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NYSTEEA 52nd Conference, March 4-6, 2015
For information, click below:

NYSTEEA Conference 2015 Presentation Line-up

 LOOK     Mail in preregistration and online registration is now closed.

You may register as a walk-in at the conference, but you will not be served meals at the conference.

The conference runs from 8:00 – 4:00 Thursday, March 5, 2015 and 8:00 – 3:00 Friday, March 6,

Please use GOOGLE CHROME to log in and renew your membership or click on the ITEEA slide to join ITEEA and NYSTEEA for $100, and save $30 off the unified memberships.

Mr. Frank Falatyn will be the Thursday evening 
awards banquet keynote speaker: Link to his bio. 

Conference registration questions? This link will direct you by
email to David Banister the conference registration director.

Binghamton Press and Sun bulletin December 7, 2014

You might recognize the author!  :-)

STEM with out the T & E is just more science and math.  Express your support today by signing the Technology & Engineering for All NYS Students petition.  NYSTEEA's goal is to gather 1,000 signatures by December 1st, so please share the link with your local business leaders, co-workers, friends and family.  Thank you for your support.

NYSTEEA Advocacy Petition

NYSTEEA Public Service Announcement Video Competition Rules

We have made a shortened entry period to reduce the cost of the video submission
period. It will be open from February 17, 2015 through February 23, 2015.
              Video Submissions click here This link will close 2/23

Last years videos, click Youtube link below

Dateline: Syracuse, NY 10/27/2013, NYSTEEA issues the elevator speech we should all have memorized for the time when somebody asks:
   What is technology education?

"Technology education is the study of the human-made world.  Students learn the process of designing and engineering solutions in a hands-on,minds-on environment of invention and innovation." Then after that - (State what you teach in your classes.)

NYSTEEA welcomes Dr. Mark Hardy to the Executive Board as association Vice President. Dr. Hardy is the Technology Education Chair at SUNY Oswego  and brings a wealth of experience to the NYSTEEA Executive Board.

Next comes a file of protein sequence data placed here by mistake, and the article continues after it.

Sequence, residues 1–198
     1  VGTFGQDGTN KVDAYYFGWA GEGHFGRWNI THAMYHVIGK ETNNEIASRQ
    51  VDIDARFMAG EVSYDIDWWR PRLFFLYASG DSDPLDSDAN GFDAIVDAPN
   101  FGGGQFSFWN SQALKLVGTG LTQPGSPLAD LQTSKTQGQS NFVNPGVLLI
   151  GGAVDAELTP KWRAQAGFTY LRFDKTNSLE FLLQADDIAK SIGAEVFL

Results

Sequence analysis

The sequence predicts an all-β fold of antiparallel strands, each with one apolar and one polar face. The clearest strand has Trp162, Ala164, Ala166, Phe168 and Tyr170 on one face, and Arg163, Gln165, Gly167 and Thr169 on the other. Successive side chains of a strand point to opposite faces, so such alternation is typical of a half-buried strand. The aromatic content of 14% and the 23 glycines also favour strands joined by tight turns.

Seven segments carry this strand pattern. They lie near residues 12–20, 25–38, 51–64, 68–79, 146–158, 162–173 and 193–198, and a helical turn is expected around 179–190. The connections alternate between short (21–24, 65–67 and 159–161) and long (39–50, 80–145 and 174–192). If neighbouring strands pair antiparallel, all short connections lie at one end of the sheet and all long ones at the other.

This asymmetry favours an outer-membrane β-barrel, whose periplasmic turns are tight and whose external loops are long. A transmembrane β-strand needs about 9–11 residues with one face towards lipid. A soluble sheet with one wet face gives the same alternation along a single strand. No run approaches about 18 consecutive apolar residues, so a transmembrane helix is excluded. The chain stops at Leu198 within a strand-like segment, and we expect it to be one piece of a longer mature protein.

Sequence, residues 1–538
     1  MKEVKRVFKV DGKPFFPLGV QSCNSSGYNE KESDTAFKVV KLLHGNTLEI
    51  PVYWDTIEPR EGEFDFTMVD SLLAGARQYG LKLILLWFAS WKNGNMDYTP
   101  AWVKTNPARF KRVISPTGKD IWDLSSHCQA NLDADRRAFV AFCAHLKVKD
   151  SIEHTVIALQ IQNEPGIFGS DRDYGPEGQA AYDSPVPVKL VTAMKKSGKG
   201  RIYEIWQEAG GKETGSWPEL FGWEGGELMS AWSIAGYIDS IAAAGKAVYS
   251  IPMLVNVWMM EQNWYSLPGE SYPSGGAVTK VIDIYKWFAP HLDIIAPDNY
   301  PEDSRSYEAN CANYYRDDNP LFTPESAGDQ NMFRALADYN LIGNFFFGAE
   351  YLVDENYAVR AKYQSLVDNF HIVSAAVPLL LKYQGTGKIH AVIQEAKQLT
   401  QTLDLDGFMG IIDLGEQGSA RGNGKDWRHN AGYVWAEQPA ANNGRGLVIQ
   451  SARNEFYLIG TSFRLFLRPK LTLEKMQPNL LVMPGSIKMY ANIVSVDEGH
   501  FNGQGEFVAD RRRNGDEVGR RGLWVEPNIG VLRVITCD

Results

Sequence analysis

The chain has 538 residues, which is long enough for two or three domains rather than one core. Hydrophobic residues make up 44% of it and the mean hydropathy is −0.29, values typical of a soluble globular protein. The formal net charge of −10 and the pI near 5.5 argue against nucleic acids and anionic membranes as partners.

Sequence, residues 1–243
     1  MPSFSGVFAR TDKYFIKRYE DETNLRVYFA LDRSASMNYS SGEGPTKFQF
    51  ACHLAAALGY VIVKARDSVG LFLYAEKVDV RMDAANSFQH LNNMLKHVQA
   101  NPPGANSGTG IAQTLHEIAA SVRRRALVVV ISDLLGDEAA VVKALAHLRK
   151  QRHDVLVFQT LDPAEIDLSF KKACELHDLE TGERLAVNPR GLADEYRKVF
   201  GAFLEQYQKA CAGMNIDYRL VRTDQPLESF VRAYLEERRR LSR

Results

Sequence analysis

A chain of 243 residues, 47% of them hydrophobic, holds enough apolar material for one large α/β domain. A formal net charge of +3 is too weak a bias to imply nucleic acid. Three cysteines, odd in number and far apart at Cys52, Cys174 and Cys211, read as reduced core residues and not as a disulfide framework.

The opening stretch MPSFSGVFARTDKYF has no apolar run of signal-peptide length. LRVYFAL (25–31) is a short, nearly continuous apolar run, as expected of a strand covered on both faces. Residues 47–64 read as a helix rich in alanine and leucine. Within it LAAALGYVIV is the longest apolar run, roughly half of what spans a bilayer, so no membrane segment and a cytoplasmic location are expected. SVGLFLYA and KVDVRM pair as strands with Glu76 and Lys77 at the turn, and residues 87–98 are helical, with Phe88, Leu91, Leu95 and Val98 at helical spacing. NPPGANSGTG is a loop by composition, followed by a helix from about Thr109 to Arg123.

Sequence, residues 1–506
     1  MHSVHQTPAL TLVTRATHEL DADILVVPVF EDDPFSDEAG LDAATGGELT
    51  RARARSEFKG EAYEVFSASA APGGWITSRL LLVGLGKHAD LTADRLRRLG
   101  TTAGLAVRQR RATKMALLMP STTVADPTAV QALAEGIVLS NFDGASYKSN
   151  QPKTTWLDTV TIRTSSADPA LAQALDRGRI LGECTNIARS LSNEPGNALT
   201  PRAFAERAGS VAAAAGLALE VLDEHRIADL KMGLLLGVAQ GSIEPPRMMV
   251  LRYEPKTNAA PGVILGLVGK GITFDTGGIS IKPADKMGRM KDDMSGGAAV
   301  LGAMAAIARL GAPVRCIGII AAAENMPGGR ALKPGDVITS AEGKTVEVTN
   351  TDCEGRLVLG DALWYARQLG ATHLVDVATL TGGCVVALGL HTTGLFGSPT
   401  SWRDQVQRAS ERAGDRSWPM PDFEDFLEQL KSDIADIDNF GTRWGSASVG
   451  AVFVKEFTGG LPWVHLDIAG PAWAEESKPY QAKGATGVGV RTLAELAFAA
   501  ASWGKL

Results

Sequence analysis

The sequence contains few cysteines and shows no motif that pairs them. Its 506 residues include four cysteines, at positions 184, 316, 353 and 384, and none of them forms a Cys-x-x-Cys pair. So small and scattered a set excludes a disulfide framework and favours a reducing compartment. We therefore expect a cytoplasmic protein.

NYSTEEA in partnership with the science and math teachers associations as well as the state association of professional engineers will present the
New York State STEM Education Summer Institute
at Alfred State, SUNY College of Technology

Save the date flyer: July 12-14, 2015.

Engineering by Design Training
NYS EBD Website

A comment regarding the current conversation moving the technology & engineering standards into a revamped NY Science Standard, which may be derived from the NGSS. 

 There are NUMEROUS statements found in all standards that agree and delineate specifically the issues surrounding the meaning of technology & engineering education and relationships with science and math.  The reality is that a lot of people of influence have nebulously erroneous beliefs and interpretations of official doctrine, but in reality do not have a good understanding of the issue regarding technology/engineering as it relates to science and math.  The following is a cut and pasted section from page 24 of the National Science Education Standards.  It says a lot!

As used in the Standards, the central distinguishing characteristic between science and technology is a difference in goal: The goal of science is to understand the natural world, and the goal of technology is to make modifications in the world to meet human needs. Technology as design is included in the S t a n d a r d s  a s  p a r a l l e l  t o  s c i e n c e  a s  i n q u i r y . Technology and science are closely related. A single problem often has both scientific and technological aspects. The need to answer questions in the natural world drives the development of technological products; moreover, technological needs can drive scientific research. And technological products, from pencils to computers, provide tools that promote the understanding of natural phenomena.
The use of “technology” in the Standards is not to be confused with “instructional technology,” which provides students and teachers with exciting tools—such as computers—to conduct inquiry and to understand science.
Additional terms important to the National Science Education Standards, such as“teaching,” “assessment,” and“opportunity to learn,” are defined in the chapters and sections where they are used. Throughout, we have tried to avoid using terms that have different meanings to the many different groups that will be involved in implementing the Standards. Additional comments forward to info@nysteea.org

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Please click here to get to the NYSTEEA website work order form.
 Members only please.

Green technologies at work in school based competition projects.

Electric/Battery Operated Cars
Photo by Kerry Brennan

Closeup of electric car project
Photo by Kerry Brennan

Kidwind Twelve Blade Wind Turbine 
Photo by Bob Tufte
Tech Wars @
Erie Community College South